peach crumble

Peaches, how do I love thee? Let me count the ways. Fresh off the vine. Rustic peach galette. Drunken peaches au sirop d’erable. And I could go on. Add this peach crumble coffee cake to the list to celebrate one of summer’s finest, tastiest, juiciest fruits.

For the cake:

1 cup soy milk

1 tsp apple cider vinegar

1/2 cup cane sugar

1/3 cup melted coconut oil

1 tsp vanilla

1 1/4 cups unbleached, all-purpose flour

1 tsp baking powder

1 tsp baking soda

1 tsp ground cinnamon

1/4 tsp sea salt

1 cup diced ripe peaches

For the crumble topping:

3/4 cup unbleached, all-purpose flour

1/3 cup packed brown sugar

1/2 cup chopped walnuts

1 tsp ground cinnamon

1/2 tsp ground nutmeg

1/8 tsp sea salt

4 to 5 tbsps solid coconut milk

Preheat the oven to 350 degrees. Lightly oil a 8- or 9- inch square or circular baking dish.

In a medium-sized mixing bowl, vigorously whisk together the apple cider vinegar and the soy milk until the mixture is frothy. Allow it to sit for a few moments. Mix in the sugar, coconut oil, and vanilla.

In a large-sized mixing bowl, combine the flour, baking powder, baking soda, cinnamon, and salt. Add the wet ingredients to the dry ingredients and mix until they are just combined. Fold in the diced peaches and pour the batter into the baking dish.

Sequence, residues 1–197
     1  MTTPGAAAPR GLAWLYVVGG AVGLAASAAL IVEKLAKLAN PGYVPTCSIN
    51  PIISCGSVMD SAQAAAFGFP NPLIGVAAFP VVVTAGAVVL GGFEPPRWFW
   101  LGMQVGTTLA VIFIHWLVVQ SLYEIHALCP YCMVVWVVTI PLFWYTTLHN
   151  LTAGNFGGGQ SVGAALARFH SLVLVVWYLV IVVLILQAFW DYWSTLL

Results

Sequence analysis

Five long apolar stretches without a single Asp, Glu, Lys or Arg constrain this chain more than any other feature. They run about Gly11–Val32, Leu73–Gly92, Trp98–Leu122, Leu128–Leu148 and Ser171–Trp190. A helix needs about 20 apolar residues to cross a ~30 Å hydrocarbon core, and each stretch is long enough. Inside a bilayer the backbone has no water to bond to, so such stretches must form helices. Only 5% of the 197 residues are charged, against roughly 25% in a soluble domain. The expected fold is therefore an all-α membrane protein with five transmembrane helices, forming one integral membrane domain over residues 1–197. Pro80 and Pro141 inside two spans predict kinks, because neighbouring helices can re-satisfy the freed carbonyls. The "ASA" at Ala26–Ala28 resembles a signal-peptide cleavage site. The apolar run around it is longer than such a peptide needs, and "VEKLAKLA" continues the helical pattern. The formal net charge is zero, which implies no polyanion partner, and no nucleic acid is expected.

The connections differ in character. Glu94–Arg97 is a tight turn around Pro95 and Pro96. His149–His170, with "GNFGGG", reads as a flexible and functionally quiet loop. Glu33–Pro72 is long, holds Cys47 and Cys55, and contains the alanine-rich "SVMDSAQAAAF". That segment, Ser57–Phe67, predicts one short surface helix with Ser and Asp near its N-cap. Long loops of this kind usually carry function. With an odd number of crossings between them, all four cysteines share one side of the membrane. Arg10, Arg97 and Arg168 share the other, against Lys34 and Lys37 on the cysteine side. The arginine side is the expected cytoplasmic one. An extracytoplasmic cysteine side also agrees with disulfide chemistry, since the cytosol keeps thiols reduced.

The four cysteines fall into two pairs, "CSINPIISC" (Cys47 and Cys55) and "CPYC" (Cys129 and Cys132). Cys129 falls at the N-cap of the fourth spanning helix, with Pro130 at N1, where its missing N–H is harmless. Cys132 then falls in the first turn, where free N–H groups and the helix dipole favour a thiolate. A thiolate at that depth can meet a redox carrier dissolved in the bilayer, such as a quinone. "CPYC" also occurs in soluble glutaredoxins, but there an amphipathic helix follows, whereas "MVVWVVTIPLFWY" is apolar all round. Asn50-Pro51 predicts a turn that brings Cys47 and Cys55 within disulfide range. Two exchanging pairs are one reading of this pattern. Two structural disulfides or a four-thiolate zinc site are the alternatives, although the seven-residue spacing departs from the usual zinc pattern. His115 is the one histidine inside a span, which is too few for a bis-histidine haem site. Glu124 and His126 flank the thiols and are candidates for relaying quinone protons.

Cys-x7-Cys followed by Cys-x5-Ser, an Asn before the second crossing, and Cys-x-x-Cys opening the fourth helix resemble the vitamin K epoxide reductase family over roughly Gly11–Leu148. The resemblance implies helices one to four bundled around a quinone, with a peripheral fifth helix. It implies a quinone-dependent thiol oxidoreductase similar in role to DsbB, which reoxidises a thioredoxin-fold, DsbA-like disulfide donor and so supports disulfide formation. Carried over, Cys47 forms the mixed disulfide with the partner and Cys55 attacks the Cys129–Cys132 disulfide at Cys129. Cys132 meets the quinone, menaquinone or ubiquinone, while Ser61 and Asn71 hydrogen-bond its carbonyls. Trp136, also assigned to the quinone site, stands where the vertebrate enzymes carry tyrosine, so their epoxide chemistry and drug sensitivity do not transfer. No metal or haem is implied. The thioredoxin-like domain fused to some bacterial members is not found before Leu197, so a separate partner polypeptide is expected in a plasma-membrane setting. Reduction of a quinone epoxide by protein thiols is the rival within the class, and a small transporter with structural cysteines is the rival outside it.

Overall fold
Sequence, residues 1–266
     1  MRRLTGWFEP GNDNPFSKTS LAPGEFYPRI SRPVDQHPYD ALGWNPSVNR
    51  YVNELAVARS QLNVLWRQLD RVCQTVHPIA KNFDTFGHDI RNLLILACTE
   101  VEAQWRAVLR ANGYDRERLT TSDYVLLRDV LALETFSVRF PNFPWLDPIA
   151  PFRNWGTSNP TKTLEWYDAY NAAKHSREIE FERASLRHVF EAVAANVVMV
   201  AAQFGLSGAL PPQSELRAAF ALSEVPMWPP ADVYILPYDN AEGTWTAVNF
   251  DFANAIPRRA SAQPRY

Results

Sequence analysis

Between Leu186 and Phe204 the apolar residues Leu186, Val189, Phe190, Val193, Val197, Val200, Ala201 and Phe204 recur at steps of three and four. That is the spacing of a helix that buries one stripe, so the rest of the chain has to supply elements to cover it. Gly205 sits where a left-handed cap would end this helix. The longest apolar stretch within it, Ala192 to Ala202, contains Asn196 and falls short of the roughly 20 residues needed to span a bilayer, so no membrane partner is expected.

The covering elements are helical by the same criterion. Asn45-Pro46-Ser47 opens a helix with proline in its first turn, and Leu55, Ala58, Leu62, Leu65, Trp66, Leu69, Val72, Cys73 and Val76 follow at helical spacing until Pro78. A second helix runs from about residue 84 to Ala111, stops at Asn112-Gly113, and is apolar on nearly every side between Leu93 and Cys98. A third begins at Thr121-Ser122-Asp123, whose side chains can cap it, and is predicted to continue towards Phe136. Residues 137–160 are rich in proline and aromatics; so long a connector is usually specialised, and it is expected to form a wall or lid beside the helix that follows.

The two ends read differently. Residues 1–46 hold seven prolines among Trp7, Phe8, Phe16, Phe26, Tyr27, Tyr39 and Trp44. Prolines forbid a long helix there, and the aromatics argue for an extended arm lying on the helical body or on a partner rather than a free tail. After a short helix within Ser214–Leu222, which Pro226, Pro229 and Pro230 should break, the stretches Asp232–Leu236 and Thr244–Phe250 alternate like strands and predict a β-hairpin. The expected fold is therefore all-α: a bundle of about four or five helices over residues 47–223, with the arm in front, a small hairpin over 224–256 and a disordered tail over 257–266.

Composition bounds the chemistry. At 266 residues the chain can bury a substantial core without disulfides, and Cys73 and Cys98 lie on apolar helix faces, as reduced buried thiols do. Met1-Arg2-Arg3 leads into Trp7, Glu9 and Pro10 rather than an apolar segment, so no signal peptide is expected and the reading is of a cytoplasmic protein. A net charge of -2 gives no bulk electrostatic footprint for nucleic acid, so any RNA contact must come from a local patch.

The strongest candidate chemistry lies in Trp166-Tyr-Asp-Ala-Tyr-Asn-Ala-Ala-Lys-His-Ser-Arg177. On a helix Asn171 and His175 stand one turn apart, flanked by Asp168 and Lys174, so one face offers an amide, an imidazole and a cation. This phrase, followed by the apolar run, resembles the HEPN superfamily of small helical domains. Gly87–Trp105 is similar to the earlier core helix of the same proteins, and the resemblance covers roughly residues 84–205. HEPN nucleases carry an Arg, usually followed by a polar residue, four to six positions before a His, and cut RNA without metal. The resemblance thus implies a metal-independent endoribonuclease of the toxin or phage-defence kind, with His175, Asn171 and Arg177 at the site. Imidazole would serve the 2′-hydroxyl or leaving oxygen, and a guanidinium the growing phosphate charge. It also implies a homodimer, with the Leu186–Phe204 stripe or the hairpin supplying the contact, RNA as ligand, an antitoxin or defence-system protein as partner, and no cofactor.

To make the crumble topping, place the flour, sugar, walnuts, cinnamon, nutmeg, and salt in a small mixing bowl. Work in the oil with your fingers, one tablespoon at a time. Continue working until large crumbs form.

Distribute the crumble topping over the coffee cake. Bake for 35 – 40 minutes, or until the topping is nicely browned and a toothpick inserted into the cake comes out clean.

banana bread

It’s Easter and Easter screams chocolate and baking and special treats. This is Bekah’s almost vegan chocolate chip banana bread, that she got from Food52 who got it from fiveandspice. It’s super tasty and is almost vegan. More macrobiotic which, depending on who you listen to, allows eggs once/month. I figure Easter is as good a time a month as any to make that egg exception. So cut me a slice and bring it on. And let’s toast spring, new beginnings, rebirth, and daughters who bake really well. I know what I’ll be saying thanks for today

3 very ripe bananas, mashed well

1 large egg, at room temperature (the temp here is important because a cold egg will congeal the oil/butter